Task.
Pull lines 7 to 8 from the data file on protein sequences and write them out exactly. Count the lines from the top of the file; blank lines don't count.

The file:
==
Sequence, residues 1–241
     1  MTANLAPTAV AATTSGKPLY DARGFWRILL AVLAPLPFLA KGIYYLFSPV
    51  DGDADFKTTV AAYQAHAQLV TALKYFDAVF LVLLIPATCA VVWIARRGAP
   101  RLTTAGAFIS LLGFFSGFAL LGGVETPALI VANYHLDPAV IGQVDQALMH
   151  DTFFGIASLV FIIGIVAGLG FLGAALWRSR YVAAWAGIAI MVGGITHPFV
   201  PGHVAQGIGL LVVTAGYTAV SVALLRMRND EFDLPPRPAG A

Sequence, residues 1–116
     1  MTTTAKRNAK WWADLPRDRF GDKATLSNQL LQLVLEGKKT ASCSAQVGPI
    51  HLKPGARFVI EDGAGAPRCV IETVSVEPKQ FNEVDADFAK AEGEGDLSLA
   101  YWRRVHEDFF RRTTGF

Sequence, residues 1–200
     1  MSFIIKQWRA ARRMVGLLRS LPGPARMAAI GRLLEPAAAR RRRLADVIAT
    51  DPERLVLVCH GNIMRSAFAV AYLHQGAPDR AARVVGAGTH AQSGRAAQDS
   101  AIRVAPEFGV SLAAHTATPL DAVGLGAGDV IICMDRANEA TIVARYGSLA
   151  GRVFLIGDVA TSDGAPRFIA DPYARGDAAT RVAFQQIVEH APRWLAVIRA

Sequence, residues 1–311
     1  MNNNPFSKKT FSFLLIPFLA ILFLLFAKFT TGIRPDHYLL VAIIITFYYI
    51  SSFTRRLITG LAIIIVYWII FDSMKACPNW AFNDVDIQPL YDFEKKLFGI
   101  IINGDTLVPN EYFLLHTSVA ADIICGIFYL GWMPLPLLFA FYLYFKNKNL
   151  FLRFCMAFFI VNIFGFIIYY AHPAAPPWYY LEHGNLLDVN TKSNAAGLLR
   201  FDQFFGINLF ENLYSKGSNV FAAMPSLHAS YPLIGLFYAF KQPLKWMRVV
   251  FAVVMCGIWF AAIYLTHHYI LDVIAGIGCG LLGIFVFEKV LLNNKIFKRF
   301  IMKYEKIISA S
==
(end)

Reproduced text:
Sequence, residues 1–116
     1  MTTTAKRNAK WWADLPRDRF GDKATLSNQL LQLVLEGKKT ASCSAQVGPI